Sabres Worst Jersey Numbers

 

Sabres Worst Jersey Numbers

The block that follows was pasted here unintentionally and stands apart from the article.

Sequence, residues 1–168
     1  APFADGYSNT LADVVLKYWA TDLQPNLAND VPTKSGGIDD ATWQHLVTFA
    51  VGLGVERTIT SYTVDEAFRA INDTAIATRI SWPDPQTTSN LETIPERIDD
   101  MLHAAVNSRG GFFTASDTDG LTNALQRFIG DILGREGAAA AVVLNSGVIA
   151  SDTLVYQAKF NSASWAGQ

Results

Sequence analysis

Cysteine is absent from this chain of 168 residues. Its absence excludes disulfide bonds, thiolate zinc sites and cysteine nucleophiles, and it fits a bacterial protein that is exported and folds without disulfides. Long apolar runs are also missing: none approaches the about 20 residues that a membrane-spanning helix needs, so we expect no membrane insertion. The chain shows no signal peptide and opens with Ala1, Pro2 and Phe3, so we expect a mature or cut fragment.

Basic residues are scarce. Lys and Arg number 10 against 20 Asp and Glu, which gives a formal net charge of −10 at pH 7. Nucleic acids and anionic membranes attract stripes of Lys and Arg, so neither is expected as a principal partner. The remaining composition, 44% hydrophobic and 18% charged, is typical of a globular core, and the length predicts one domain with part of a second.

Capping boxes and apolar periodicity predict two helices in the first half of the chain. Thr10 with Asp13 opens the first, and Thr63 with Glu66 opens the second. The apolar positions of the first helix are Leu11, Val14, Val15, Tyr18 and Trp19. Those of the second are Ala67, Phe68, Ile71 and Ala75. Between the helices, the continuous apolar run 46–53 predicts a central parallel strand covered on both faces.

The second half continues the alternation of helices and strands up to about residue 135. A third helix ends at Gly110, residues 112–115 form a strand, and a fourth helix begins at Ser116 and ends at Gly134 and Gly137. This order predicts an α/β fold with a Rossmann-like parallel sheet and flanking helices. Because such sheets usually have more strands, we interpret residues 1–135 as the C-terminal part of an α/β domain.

It all started innocently enough, while we were heading to the Bills game and listening to “Roll the Highlight Film,” a CD of Sabres play-by-playman Rick Jeanerette’s best calls. One clip refenced a player with the last name “Patrick,” and based on the era, we knew it wasn’t James Patrick. So we started trying to figure out the first name, and while we didn’t come up with it for a while, I did say I didn’t know the name, but that he wore no. 26. It turns out it was Steve Patrick (thanks to BfloBlog commenter “Jerome’s” brother) and he did, indeed, wear sweater 26. So all that hard research led me to looking over all the jersey numbers in the Sabres media guide, and as I was reminiscing a bit, it occurred to me that there are some numbers that have never seen a good hockey player don them. So I promptly set about creating: The Sabres Top-Five Worst Jersey Numbers. The rules were pretty simple. The jersey had to have been worn by at least five players. Obviously, any retired jersey is exempt, so no matter how badly I wanted Mikael Anderson’s number to be represented, no. 14 was exempt because of Rene Robert. Also, a legendary Sabre had the ability to “power up” a sweater, meaning Mike Foligno more than made up for Pat Hughes wearing no. 17. In addition, the ability to “power up” also works in reverse, meaning if you are one of those Sabres that was mocked for the majority of your career, you definitely added to the negative side. So, without further ado: Fifth Worst - Number 21. In reviewing the Sabres number landscape, number 21 is a barren wasteland of names. Despite having one-time All-Star Christian Ruuttu (he made the team in the late eighties back when every team had to have a representative) and his 101 career goals, the rest of the 21’s are a weak bunch. Brian “Spinner” Spencer gives the number a bit of an edge, as he was wacked out and was killed at a fairly young age after either a bad drug deal or just plain bad luck, depending on who you believe. Other than that, it’s guys like Mark Astley, Mike Hurlbut, Scott Thomas and Claude Verret. Fourth Worst - Number 26. I know my buddy Scott would agree that the power of Pat Hughes alone is enough to propel this legendary number into the top 5, but when you are able to add Dean Kennedy, Mal Davis, Keith Carney, and Darrin Shannon then it’s place is secure. Even the legendary Derek Plante and his 91 career goals (yes, thanks for the one against Ottawa in the playoffs) added to the numbers legacy, as the soft Plante helped “power down” number 26. Add to it that former goon, Eric Boulton, wore 26 on the rare occasion he got to don the sweater and it just gets sweeter. Third Worst - Number 33. True story. A friend of mines mother once asked us when we signed a Chinese player. After we looked at her with vacant gazes, she replied “You know, Ben-wa Ho,” or as those of us who followed hockey spelled it, Benoit Hogue. Sadly, that story is the best things that number 33 has going for it, as the bearers of 33 through the years truly could form a bad AHL line. Hogue, Mark Astley (again), Doug Janik, Jody Gage (briefly, I think his main number was 12), Jim Hofford, Phil Myer, and Scott Pearson. Yeech! Second Worst - Number 15. People often ask, how can a number make up for it’s mediocrity? It’s easy. Volume. The sheer overpowering number of awful players who have donned number 15 in the Sabres 35 years staggers the mind. With 17 players having worn it, you know there haven’t been any long-time Sabres in there. When the best players to have worn it are Randy Wood, Gerry Meehan, and Dixon Ward it’s real hard to make up for Lou Franceschetti, Chris Langevin, and Sergei Petrenko. Worst Sabre Number in History - Number 34. I know…I too was initially shocked since I never realized anyone ever wore 34. But the brief list for that number reads like a who’s who list of busts that played for the Sabres, starting with the Grand-daddy of them all, Mike Wilson. Picked up in 1995 in the trade that shipped Alex Mogilny out of town for Mike Peca and the draft pick that became Jay McKee, Wilson underwhelmed right away. (Incidentally, that series of trades stemming from the Mogilny deal is fascinating. We later traded Peca away for Tim Connolly and Taylor Pyatt, and we traded Wilson away for Rhett Warrener and a draft pick that became Ryan Miller. Then we traded Warrener for Drury. So from Alex Mogilny we now have Tim Connolly, Taylor Pyatt, Chris Drury, Jay McKee and Ryan Miller. Not too shabby) Anyway, other not-so-famous 34’s include goalies David Littman and Darren Eliot, Adam Creighton (again), stereotypical Canadian Gord Donnelly, current loser Jeff Jillson, and last, but not least, Jean-Luc Grand-Pierre, who may or may not have more hyphens in his name than points while with the Sabres (hint: the answer is “may.”) My apologies go out to some of the runners-up, especially the number 24. Bill Hajt’s steady play over 14 years was enough to overcome Ed Hospodar, Randy Wyrozub, and Ron Busniuk.

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